After graduation Brentano prepared to take his vows; he was ordained a Catholic priest in 1864. Nevertheless he continued his academic career at the University of Würzburg,... [H]e eventually became full professor in 1873. During this period, however, Brentano struggled more and more with the official doctrine of the Catholic Church, especially with the dogma of papal infallibility, promulgated at the first Vatican Council in 1870. Shortly after his promotion at the University of Würzburg, Brentano withdrew from the priesthood and from his position as professor.
After his Habilitation, Brentano had started to work on a large scale work on the foundations of psychology, which he entitled Psychology from an Empirical Standpoint. The first volume was published in 1874, a second volume (The Classification of Mental Phenomena) followed in 1911, and fragments of the third volume (Sensory and Noetic Consciousness) were published posthumously by Oskar Kraus in 1928.
Shortly after the publication of the first volume, Brentano took a job as a full professor at the University of Vienna, where he continued a successful teaching career. During his tenure in Vienna, Brentano, who was very critical towards his own writing, no longer wrote books but turned instead to publishing various lectures. The topics range from aesthetics ....[English title ...The Genius...], Das Schlechte als Gegenstand dichterischer Darstellung [Evil as Object of Poetic Representation] ...and issues in historiography to ...[The Origin of the Knowledge of Right and Wrong,...] in which Brentano laid out his views on ethics. The latter was Brentano's first book to be translated into English in 1902.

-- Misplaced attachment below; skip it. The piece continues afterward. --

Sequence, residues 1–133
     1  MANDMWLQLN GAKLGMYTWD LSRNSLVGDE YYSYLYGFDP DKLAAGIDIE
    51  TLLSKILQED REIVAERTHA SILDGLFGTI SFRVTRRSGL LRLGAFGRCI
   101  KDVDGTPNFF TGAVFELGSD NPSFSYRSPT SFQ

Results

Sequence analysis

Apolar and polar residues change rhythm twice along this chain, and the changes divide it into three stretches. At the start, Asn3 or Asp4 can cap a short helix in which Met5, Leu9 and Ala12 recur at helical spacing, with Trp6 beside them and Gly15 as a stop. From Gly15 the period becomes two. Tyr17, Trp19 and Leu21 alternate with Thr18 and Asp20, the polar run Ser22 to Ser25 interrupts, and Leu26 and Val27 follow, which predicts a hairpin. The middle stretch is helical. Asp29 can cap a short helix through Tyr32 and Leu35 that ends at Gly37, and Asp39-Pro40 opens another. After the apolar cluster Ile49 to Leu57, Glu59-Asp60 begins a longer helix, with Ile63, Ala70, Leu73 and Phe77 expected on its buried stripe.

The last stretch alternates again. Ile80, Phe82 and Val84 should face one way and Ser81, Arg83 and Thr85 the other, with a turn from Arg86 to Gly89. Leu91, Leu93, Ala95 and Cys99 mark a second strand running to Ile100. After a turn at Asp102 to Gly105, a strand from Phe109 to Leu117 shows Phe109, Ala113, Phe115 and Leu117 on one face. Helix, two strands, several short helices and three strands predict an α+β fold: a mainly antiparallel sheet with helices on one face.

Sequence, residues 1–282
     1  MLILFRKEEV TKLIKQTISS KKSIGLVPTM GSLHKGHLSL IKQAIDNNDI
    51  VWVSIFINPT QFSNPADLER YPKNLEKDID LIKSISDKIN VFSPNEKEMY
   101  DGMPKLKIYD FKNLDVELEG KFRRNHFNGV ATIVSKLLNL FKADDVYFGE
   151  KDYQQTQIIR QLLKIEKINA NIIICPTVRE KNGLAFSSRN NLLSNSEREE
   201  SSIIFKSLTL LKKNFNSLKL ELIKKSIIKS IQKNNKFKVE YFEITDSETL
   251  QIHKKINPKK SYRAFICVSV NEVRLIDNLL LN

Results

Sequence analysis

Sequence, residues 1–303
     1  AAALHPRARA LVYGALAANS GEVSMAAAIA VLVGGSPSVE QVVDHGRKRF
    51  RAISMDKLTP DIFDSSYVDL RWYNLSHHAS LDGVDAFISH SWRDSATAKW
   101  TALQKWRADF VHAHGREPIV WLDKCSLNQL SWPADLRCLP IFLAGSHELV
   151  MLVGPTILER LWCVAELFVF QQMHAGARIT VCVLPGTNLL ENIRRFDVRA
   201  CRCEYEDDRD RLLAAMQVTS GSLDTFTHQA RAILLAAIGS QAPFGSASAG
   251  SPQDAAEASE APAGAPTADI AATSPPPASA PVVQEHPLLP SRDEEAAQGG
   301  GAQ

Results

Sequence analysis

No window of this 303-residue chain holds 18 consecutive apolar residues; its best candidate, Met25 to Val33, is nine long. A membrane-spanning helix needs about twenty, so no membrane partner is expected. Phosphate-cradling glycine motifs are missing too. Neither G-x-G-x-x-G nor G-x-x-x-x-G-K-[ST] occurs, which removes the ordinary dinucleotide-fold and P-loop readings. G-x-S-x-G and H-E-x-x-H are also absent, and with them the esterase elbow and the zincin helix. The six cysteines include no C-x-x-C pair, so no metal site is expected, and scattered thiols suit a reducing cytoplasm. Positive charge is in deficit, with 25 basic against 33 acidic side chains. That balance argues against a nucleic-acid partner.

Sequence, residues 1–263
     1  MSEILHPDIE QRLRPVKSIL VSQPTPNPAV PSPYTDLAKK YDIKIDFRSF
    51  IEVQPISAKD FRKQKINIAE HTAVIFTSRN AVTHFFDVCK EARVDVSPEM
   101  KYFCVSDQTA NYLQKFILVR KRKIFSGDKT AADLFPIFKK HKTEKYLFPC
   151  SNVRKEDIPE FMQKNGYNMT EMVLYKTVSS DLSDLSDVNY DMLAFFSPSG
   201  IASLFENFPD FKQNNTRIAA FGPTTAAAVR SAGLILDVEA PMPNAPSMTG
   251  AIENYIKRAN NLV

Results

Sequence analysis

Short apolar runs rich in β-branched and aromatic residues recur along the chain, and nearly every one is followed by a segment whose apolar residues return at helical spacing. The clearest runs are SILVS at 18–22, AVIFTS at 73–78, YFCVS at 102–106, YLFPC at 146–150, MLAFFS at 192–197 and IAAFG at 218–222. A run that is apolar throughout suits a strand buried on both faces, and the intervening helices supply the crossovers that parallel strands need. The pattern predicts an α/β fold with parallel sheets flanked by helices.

When in 1880 Brentano and Ida von Lieben decided to wed, they had to confront the fact that the prevailing law in the Austro-Hungarian Empire denied matrimony to persons who had been ordained priests – even if they later had resigned from priesthood. They surmounted this obstacle by temporarily moving to and becoming citizens of Saxony, where they finally got married. This was possible only by temporarily giving up the Austrian citizenship and, in consequence, the job as full professor at the University. When Brentano came back to Vienna a few months later, the Austrian authorities did not reassign him his position. Brentano became Privatdozent, a status that allowed him to go on teaching – but did not entitle him to receive a salary or to supervise theses. For several years he tried in vain to get his position back. In 1895, after the death of his wife, he left Austria.... In 1896 he settled down in Florence where he got married to Emilie Ruprecht in 1897.
Brentano has often been described as an extraordinarily charismatic teacher. Throughout his life he influenced a great number of students, many of who became important philosophers and psychologists in their own rights, such as Edmund Husserl, Alexius Meinong, Christian von Ehrenfels, Anton Marty, Carl Stumpf, Kasimir Twardowski, as well as Sigmund Freud. Many of his students became professors all over the Austro-Hungarian Empire....